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BofA predicts breakout in mergers attributable to downcycle

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Mergers in software could also be about to interrupt out.

Top investment banker Rick Sherlund of Bank of America sees a wave of struggling firms putting themselves up on the market at cheaper prices attributable to the economic downturn.

“You do have to see greater capitulation,” the firm’s vice chair of technology investment banking told CNBC’s “Fast Money” on Thursday. “Corporations could have their valuation expectations soften, and that may mix with more fully functional financial markets. I believe it should speed up the pace of M&A [mergers and acquisitions].”

His broad evaluation comes on the heels of Adobe’s $20 billion dollar deal Thursday for design platform Figma. Adobe didn’t generate excitement on Wall Street. Its shares plunged 17% attributable to questions on the worth tag.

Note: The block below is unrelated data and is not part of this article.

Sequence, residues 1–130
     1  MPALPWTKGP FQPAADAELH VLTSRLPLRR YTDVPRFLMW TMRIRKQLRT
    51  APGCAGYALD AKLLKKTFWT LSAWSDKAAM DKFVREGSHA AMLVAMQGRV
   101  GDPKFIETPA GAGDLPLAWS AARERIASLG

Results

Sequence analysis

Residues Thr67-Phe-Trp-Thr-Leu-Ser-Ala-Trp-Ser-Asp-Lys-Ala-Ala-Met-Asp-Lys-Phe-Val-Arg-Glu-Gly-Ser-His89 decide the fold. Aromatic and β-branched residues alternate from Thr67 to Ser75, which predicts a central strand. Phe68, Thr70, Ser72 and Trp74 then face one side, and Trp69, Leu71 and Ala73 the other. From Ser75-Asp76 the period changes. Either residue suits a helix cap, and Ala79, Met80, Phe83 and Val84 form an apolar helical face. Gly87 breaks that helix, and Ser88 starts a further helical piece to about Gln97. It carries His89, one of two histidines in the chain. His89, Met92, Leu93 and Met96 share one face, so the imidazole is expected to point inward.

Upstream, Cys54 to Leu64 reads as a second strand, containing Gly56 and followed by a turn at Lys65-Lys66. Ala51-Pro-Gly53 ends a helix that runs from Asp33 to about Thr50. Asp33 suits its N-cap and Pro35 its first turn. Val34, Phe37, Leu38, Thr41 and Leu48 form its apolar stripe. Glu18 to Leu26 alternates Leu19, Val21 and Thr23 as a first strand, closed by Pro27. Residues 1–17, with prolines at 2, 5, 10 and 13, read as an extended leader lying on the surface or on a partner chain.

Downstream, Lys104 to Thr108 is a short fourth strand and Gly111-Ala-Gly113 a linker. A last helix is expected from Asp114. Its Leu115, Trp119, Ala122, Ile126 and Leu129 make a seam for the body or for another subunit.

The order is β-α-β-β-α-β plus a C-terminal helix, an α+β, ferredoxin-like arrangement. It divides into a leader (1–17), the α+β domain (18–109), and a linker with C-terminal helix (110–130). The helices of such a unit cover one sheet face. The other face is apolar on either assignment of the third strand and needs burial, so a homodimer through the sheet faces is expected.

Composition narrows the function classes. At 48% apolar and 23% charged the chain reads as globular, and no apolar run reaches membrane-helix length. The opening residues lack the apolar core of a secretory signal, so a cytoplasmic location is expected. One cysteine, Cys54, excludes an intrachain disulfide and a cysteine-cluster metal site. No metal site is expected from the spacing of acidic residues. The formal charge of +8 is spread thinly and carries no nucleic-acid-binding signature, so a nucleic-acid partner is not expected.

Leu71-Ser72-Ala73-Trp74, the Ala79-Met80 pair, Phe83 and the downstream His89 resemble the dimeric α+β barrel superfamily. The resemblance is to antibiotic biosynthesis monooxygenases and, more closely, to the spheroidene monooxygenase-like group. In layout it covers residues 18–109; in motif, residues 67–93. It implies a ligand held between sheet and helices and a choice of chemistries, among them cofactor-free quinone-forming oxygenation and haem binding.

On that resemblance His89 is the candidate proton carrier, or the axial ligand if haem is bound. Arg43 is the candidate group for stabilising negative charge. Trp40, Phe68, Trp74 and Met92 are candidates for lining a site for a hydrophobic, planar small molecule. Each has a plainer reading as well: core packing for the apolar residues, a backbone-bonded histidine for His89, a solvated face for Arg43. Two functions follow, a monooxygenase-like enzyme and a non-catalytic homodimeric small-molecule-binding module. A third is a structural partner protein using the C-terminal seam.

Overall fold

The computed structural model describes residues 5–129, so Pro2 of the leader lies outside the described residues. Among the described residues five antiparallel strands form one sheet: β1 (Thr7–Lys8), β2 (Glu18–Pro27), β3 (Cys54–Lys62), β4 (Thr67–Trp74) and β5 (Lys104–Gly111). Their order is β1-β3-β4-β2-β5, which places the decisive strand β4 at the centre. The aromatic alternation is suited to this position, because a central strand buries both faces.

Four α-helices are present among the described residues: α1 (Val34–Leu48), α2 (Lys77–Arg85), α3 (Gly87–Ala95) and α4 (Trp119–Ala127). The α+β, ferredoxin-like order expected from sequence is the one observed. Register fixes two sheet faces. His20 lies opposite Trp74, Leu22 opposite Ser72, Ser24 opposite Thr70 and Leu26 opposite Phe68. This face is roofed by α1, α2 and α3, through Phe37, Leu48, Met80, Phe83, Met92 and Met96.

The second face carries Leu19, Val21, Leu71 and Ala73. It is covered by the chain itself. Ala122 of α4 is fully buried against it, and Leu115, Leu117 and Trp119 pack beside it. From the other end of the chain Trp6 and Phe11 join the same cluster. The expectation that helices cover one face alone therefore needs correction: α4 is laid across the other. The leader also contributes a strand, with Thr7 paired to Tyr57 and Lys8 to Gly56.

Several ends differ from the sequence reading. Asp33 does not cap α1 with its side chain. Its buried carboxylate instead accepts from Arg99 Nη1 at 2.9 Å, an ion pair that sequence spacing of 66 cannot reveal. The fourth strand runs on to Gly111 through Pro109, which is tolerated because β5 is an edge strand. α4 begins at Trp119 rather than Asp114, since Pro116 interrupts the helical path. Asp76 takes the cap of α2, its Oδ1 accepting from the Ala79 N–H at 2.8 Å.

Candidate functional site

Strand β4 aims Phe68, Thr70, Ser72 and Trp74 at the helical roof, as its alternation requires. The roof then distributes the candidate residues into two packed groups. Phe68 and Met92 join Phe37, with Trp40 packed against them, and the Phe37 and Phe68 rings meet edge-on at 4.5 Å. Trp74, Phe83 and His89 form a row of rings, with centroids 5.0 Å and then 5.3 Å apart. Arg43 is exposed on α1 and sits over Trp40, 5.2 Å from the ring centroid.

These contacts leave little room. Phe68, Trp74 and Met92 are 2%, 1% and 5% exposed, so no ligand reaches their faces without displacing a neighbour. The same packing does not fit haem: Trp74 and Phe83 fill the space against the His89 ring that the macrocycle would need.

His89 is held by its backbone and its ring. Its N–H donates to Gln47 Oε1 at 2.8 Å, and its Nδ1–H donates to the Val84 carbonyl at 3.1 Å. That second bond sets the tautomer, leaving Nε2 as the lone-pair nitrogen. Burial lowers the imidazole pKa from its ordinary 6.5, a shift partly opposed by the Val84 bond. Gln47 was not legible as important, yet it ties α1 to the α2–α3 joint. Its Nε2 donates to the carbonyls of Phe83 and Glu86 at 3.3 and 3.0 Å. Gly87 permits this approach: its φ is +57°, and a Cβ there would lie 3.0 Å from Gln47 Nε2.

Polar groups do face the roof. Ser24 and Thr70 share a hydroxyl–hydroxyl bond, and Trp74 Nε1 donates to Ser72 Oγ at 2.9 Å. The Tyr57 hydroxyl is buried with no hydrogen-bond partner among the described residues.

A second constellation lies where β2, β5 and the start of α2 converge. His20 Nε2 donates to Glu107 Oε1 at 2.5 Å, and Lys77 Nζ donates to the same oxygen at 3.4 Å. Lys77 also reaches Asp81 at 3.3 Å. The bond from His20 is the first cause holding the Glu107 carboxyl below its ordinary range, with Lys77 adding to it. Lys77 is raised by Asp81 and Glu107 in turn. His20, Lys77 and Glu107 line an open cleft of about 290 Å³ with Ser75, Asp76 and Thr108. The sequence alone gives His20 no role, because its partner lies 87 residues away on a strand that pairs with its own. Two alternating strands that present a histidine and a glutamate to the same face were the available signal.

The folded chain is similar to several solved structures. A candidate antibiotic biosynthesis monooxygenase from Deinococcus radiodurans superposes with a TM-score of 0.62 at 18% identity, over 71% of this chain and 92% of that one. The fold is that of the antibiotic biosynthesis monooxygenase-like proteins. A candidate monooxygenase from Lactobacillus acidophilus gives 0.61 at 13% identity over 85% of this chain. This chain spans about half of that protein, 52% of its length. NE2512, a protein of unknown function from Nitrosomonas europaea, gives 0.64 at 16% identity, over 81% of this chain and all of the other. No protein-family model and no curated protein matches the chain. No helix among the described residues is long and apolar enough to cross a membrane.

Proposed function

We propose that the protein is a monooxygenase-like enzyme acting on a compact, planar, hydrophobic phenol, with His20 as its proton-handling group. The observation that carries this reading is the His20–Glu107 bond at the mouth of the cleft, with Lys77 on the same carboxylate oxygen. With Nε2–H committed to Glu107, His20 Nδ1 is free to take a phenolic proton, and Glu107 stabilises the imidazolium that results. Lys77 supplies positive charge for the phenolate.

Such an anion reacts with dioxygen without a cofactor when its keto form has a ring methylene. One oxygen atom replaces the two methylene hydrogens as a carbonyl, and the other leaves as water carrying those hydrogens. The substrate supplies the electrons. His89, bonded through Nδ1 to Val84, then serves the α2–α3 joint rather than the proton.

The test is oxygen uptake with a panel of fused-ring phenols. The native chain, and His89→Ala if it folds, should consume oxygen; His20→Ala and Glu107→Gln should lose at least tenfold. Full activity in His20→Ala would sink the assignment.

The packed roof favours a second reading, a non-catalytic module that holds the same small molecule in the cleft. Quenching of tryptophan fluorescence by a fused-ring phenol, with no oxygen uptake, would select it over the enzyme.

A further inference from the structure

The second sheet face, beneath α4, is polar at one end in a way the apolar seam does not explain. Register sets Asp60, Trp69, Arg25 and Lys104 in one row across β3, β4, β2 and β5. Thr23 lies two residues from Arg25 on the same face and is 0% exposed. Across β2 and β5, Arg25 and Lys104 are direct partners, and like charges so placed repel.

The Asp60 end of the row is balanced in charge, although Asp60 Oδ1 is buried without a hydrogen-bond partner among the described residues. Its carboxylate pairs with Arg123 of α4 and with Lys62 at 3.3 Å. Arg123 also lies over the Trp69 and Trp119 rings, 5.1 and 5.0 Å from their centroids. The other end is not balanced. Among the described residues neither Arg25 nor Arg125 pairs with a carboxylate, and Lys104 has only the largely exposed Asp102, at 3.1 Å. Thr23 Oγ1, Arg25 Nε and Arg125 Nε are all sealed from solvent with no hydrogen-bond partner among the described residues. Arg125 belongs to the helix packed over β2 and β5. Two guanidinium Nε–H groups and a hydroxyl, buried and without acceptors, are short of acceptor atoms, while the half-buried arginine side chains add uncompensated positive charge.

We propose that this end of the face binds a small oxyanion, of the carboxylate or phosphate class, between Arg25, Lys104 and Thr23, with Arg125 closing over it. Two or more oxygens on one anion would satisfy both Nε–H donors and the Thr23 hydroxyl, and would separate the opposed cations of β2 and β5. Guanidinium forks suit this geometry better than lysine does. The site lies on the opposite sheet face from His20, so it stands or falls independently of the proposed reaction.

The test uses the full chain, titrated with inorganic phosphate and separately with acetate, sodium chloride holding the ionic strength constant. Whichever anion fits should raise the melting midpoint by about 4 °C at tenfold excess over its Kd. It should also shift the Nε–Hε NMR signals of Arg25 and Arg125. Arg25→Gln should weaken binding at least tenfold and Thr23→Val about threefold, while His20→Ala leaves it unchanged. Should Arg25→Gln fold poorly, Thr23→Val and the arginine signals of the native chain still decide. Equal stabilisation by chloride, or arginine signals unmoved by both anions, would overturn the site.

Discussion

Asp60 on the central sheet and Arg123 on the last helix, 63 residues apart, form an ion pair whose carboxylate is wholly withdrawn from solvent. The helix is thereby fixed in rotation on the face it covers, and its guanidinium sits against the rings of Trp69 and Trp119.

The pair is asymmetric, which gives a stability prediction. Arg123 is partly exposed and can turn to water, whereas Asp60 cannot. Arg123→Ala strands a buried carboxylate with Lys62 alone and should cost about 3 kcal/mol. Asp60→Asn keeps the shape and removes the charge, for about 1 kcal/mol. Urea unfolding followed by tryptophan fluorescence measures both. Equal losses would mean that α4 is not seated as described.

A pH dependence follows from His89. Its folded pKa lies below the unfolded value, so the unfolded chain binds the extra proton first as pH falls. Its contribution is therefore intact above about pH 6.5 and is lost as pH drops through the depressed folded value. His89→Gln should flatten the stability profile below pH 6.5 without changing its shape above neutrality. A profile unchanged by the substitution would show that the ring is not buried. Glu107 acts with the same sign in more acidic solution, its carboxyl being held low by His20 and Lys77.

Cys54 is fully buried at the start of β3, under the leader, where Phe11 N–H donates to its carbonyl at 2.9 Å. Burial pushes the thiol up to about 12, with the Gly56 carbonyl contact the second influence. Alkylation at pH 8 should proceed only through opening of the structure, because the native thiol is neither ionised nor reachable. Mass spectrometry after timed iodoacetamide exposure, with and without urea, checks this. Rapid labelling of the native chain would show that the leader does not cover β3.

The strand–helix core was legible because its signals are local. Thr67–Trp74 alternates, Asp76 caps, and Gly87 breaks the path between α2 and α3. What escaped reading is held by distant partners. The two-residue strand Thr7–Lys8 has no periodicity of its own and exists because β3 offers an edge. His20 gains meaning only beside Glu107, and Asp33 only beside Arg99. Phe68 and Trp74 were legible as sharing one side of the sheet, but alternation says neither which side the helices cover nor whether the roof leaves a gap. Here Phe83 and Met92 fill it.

Sherlund, a former software analyst who hit No. 1 on Institutional Investor’s all-star analyst list 17 times in a row, worked at Goldman Sachs in the course of the 2000 tech bubble. He believes the Street is now at first stages of a difficult market cycle.

“You have to get through third quarter earnings reports to feel confident that perhaps the bad news is essentially out into the market because firms can be reporting lengthening of sales cycles,” he said. “We’d like to reset expectations for 2023.”

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Sherlund and his team are very energetic within the M&A market.

“You’ve private equity with a boatload of money, and so they need functioning debt markets for leverage to do deals,” Sherlund noted. “They’re very eager and actively this sector … It suggests that [for] M&A, in absence of an IPO market, we’re just going to see loads more consolidation coming within the sector.”

He notes IPO demand has been hurt in reference to rising rate of interest headwinds and inflation.

“[The IPO market] will not be open. But when the window does open back up, you’ll see quite a lot of firms going public,” he added.

The long-term prospects for software are extremely attractive, in line with Sherlund.

“You have to be very bullish on the long-term fundamentals of the sector,” Sherlund said. “Every company is becoming a digital enterprise.”

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